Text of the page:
(ii)        seek to avoid such roads by utilising safer, alternative lower traffic routes. 

One ponders whether Australian Rotary Health, the organisers of 2009 Australian Bike Ride which cycled the perimeter of Australia - over 20,000km, were aware of their Duty Of Care to their Invitees/participants. 

A "disclaimer" or "liability denial" might remove Australian Rotary Health's  Duty Of Care to Invitees/participants on the Australian Bike Ride to warn of Foreseeable, Non-Obvious, Explicit Risks if Australian Rotary Health successfully argued that -

(i)         Australian Bike Ride constituted a 'Recreational Service' (services supplied to a person(s) for the purposes of, in connection with or incidental to, the pursuit by the person of a Recreational Activity);

(ii)        a contract to supply a 'Recreational Service' was entered into with a Invitee(s)/participant(s) who Suffered Harm; and

(iii)       a participant in a Recreational Activity is able to waive the requirement that services be provided with due care and skill due to amendment to the Trade Practices Act 1974 (Cth).

Examples of Foreseeable, Non-Obvious, Explicit Risks in a Risk Warning are not limited to:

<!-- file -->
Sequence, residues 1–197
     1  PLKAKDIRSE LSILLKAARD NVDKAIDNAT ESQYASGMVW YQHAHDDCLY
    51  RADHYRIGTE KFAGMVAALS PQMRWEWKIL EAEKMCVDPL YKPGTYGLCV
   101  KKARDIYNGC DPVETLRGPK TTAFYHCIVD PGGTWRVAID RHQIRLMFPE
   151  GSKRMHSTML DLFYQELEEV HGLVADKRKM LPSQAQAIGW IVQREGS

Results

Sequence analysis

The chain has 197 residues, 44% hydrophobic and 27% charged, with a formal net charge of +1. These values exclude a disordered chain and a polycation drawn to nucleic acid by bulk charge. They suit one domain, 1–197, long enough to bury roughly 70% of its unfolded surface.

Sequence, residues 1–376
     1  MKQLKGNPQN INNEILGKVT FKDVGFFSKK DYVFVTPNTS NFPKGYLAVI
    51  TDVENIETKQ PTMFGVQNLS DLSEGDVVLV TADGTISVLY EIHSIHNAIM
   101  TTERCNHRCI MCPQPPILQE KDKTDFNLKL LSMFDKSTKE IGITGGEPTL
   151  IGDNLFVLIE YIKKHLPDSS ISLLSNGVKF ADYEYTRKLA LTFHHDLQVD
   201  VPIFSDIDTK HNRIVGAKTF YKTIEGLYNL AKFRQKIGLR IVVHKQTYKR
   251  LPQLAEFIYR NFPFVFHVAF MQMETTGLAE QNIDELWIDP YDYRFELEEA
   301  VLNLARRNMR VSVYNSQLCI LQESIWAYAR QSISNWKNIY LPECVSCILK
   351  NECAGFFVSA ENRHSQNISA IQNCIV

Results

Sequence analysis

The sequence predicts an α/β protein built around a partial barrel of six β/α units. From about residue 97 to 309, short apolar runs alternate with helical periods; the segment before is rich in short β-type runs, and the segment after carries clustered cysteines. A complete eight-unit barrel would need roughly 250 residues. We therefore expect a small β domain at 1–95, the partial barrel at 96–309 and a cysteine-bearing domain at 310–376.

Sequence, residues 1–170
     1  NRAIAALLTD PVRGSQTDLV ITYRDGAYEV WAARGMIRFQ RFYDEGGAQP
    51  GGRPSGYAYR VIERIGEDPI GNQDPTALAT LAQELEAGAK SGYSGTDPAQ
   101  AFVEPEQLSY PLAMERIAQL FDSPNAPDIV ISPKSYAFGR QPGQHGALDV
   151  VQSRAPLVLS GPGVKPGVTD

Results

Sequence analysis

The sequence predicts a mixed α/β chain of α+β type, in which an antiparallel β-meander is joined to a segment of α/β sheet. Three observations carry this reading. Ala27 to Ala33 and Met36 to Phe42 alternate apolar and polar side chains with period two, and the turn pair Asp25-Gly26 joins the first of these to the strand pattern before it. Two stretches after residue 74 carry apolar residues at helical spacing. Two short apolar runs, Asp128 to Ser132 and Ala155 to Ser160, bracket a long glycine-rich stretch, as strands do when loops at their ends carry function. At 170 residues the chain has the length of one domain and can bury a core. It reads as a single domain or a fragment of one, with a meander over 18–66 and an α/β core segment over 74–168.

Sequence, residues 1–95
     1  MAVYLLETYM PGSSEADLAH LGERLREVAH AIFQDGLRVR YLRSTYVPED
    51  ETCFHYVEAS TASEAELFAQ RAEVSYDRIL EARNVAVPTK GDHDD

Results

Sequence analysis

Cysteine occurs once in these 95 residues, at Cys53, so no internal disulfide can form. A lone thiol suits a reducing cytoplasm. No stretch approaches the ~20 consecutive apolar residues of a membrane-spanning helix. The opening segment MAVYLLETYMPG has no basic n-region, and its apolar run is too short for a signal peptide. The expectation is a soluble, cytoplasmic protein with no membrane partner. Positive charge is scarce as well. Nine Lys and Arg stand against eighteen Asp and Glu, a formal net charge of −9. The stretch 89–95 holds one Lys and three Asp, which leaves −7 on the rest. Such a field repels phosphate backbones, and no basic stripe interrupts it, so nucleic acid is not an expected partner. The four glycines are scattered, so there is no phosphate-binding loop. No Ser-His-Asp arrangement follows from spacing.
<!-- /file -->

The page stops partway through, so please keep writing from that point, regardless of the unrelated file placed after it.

1.         Our 75km "Westwood to Mt Cook and back" crosses a railway level crossing at Fallsville.  The rail lines protrude excessively above the roadway and on an acute angle and when wet from rain, or after a heavy dew, have brought down a lot of cyclists.  Dismount and walk your bike over those rail lines.

2.         Our 94km Cinque Montagnes five gorges ride from North Turramurra crosses the Berowra Waters ferry.  There are metal girders protruding on the concrete boarding ramps to the ferry.  Those metal girders, particularly when wet from rain or after a heavy dew have brought down a lot of cyclists.  Dismount and walk your bike over those girders.

3.         Our 12km kayak to Woy Woy and back crosses under the Rip Bridge.  When a southerly is blowing the swell approaching the Rip Bridge can become particularly choppy.  Please stick to the LHS of the channel.